Tuesday, February 17, 2015

Rain Forest Roads

     This Case study shows how GIS has been used to give Socio-spatial information to the country of Brazil to better manage and propagate the Amazonian basin and State lands. Citing manly roads as the primary cause of deforestation by fragmenting the forest into a Dendritic pattern. With the use of Geographic Modeling and methods to determine the true area roads in particular take up in this area. Discovering that State and federal "official roads" only account for .005 km2 of the land of the Amazonian Basin while unofficial or logging roads and agricultural roads account for near .586 km2 of the land. Giving reason to concentrate on the pattern and expansion of these unofficial logging roads. Although these temporary logging roads can quickly be consumed and taken over by the forest they  often allow access from villagers and expansive farms to take root in the land and prevent new growth.
       The map above represents the "dendritic" identified with deforestation and expansion of civilizations, many studies have been done to identify why this method is replicated by humans in the environment. Ariba uses GIS to see if hydro-logical patterns play a role in both the Expansion of logging roads but also density of the Forest. 

Arima, E. Y., & Walker, R. T. (2008). Emergent Road Networks. In The Fragmentation of Space in the Amazon Basin: (6th ed., Vol. 74). N.p.: 2008 American Society for Photogrammetry and Remote Sensing.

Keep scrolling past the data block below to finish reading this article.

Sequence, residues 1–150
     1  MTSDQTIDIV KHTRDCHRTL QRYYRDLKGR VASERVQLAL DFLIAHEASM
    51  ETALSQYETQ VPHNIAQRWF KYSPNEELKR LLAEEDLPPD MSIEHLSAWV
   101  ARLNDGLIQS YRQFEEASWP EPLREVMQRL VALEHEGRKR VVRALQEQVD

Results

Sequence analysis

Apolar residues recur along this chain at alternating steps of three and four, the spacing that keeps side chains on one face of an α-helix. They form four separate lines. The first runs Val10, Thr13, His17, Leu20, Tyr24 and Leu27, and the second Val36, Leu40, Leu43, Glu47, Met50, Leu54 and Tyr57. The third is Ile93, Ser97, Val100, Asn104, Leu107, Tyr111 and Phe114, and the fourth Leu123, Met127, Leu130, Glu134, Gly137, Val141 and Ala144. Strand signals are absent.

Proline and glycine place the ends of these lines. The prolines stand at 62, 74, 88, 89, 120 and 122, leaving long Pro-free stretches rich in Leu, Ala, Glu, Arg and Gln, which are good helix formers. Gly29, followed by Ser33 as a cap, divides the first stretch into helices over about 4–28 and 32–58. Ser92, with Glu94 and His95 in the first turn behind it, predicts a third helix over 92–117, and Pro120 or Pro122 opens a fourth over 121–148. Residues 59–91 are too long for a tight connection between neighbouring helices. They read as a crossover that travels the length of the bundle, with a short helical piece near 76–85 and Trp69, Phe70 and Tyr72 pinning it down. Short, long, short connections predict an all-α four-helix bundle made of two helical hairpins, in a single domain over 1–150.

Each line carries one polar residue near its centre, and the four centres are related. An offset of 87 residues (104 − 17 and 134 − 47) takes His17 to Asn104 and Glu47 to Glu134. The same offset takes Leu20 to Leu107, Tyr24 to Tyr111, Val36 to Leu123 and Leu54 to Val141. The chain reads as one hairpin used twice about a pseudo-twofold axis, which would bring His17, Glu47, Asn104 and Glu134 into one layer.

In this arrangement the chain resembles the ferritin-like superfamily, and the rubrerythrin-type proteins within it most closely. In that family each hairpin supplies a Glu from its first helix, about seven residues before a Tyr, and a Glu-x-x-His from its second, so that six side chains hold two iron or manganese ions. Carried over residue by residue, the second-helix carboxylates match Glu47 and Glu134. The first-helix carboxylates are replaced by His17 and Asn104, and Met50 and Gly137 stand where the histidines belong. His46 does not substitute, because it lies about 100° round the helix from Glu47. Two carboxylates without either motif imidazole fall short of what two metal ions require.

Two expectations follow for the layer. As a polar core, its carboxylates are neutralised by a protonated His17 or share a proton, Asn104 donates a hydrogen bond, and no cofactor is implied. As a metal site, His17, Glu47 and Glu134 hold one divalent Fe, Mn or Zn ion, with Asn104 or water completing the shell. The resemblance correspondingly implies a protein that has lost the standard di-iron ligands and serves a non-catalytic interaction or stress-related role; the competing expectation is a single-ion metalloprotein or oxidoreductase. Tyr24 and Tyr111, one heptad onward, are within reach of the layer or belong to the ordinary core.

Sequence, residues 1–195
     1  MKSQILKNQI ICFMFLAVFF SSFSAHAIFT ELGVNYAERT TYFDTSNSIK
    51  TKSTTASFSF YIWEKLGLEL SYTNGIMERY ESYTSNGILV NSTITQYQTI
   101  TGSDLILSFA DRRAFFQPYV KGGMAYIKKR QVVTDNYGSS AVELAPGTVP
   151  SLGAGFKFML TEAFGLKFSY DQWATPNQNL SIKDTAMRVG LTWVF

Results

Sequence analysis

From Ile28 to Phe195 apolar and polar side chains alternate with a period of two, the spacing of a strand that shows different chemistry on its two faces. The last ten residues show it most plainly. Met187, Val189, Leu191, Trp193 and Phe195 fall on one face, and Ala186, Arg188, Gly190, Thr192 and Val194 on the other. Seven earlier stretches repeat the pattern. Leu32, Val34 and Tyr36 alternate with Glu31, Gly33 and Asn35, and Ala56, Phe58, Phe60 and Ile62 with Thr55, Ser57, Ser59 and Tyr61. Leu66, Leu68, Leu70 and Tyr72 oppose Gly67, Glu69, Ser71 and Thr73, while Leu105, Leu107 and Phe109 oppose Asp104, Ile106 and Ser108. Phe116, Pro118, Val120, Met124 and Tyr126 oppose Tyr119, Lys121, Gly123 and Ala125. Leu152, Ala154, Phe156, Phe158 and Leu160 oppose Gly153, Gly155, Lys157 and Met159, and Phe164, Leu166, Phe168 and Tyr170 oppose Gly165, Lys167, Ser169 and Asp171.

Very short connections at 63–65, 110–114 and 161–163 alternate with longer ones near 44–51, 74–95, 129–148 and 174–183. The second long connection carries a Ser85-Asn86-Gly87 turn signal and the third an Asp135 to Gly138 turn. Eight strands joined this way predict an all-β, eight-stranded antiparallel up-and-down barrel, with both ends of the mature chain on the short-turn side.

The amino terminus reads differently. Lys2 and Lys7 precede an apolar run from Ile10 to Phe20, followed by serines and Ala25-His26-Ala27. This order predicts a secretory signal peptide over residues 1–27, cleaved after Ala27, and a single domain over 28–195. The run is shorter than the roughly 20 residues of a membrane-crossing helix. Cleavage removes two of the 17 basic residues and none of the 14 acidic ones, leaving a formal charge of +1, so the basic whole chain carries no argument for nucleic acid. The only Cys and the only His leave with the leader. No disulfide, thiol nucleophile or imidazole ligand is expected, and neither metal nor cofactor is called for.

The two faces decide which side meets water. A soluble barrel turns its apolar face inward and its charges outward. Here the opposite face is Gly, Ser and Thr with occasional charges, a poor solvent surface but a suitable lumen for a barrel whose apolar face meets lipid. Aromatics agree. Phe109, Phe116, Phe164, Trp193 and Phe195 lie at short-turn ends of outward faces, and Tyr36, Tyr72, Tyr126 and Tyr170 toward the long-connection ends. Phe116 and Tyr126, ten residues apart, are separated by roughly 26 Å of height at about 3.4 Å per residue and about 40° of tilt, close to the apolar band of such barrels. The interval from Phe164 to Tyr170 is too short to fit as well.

1. I think that it is very intresting how this map mainly cites roads as the primary cause deforestation. How do they know that expanding housing cites is not a leading cause?

  2. I would think that deforestation for the expansion of both housing and industrial use would be a bigger cause than roads for logging. While logging is the literal chopping down of trees for human use, clearing land for the purpose of expansion is a lot less understandable since the wood isn't all necessarily being taken and used for human consumption.

  3. I thought it was interesting that roads are a main cause for deforestation but official ones only take up a small portion. How long has this been going on and how much damage has been done within these years?

  4. I think its important to map out these "unofficial" roads for those people who might work and travel into the Forrest very often, that way they have a map to refer to in case of an emergency if they get lost. I also hope these types of maps are readily available to the community there.